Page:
Families speak out against doctor who said ‘death from cancer is the best’

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Cancer sufferers are firing back at a British doctor who wrote in an esteemed medical journal on Wednesday that dying of cancer is preferable to other causes of death, news.com.au reported.

Dr. Richard Smith, an honorary professor at the University of Warwick, raised eyebrows this week when he wrote on the British Medical Journal’s blog that “death from cancer is the best” because it isn’t sudden. He argued that cancer victims who die of the disease have time to say goodbye to their loved ones, check off bucket list items, and get their affairs in order.

Any pain from cancer would be relieved by “love, morphine and whisky,” he said, and he called for scientists to cease spending billions of dollars to find a cure. He is the former editor of the journal.

According to a new study by the American Cancer Society, cancer is projected to kill nearly 590,000 people in the United States in 2015.

Cancer sufferers and their loved ones sounded off to news.com.au and rebutted Smith’s remarks.

“I was stunned that someone with his background and in his profession could make such a statement,” Tracey Rethamel, who beat cancer when she was younger, told the news website.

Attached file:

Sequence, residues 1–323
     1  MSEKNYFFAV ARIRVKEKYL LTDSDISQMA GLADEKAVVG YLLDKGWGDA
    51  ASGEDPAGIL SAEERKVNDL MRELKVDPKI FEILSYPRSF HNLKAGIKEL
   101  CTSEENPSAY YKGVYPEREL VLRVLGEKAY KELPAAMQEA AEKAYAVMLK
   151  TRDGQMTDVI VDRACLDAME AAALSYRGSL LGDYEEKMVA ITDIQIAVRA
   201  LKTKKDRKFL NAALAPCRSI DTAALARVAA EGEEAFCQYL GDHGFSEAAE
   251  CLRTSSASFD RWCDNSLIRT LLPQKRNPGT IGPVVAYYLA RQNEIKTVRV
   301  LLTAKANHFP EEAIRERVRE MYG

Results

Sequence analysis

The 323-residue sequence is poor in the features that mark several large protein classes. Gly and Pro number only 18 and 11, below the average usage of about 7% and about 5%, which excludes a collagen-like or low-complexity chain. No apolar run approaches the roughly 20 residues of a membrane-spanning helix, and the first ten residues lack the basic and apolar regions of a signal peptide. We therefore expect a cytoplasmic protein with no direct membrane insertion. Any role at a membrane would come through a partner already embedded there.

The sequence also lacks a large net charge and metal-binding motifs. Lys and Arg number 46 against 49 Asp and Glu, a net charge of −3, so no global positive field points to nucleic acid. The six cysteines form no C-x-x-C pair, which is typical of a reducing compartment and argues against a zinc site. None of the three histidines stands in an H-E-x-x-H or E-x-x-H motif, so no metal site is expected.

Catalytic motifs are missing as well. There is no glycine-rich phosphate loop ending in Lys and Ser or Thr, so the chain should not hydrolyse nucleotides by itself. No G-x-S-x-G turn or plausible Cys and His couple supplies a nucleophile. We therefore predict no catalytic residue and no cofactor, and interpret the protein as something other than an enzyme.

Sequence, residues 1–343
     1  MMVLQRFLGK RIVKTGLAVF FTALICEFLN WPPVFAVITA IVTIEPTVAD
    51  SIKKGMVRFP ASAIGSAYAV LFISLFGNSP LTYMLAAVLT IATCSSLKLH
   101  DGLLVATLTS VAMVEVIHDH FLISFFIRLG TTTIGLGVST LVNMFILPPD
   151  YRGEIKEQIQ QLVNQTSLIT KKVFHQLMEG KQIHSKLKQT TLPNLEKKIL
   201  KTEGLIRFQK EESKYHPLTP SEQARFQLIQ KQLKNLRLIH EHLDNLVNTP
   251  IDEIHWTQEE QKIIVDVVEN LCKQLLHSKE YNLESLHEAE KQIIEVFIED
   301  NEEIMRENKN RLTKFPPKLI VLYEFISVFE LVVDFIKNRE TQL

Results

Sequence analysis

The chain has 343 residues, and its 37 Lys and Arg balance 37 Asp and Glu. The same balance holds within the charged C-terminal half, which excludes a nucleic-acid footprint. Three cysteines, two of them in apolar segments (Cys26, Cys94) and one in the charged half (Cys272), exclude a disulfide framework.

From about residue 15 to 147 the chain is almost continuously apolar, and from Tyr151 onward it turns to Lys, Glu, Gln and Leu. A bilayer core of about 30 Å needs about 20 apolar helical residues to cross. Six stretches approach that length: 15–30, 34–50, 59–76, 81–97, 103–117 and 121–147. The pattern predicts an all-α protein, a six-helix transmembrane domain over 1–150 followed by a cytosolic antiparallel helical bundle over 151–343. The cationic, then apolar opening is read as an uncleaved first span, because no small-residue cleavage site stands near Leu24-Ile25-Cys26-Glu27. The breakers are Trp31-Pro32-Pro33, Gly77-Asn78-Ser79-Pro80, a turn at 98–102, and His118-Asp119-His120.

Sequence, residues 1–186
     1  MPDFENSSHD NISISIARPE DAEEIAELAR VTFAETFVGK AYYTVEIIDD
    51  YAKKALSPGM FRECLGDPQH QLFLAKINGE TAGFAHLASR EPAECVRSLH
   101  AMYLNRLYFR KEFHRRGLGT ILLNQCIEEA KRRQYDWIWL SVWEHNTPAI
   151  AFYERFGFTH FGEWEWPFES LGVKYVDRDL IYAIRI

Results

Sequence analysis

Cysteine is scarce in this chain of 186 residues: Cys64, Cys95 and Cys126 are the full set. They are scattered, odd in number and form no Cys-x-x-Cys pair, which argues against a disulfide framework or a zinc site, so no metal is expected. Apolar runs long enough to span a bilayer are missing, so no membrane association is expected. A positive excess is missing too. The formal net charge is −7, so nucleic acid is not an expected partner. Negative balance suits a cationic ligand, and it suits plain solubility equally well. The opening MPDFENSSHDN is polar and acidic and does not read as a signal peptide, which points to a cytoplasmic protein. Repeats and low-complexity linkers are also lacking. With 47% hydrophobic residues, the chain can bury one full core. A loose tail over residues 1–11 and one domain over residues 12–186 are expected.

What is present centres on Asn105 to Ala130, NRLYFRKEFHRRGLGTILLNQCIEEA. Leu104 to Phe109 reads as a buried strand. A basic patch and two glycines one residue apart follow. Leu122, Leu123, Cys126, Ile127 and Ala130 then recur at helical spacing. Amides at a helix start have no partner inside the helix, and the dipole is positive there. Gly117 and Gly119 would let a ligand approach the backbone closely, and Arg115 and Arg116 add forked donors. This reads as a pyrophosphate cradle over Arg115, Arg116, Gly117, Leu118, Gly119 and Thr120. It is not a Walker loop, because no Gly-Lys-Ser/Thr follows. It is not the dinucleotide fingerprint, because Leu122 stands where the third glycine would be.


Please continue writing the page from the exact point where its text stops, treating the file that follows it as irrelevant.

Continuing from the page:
“Being a doctor, you’d assume he would’ve been in children’s cancer wards and witnessed the pain,” she added. “As a mother who is seeing the suffering and heartache, it’s really hurtful.”

Rethamel’s daughter Lucy, 8, was diagnosed with cancer— acute lymphoblastic leukemia— in February 2014. She spent nine months undergoing chemotherapy.

Rethamel questioned whether Smith had witnessed cancer patients battling the disease, and she speculated whether her daughter’s future would be as bright without cancer research.

Tamsyn Kiely, whose son Anthony also has acute lymphoblastic leukemia, echoed Rethamel.

“If it wasn’t for research, we would’ve lost Anthony in six-to-12 weeks,” Kiely told news.com.au.

Josie Thompson, a Childhood Cancer Support ambassador, said she was disheartened by Smith’s comments, which she described as insensitive.

“I feel really disappointed that someone in his profession would say that,” she said.

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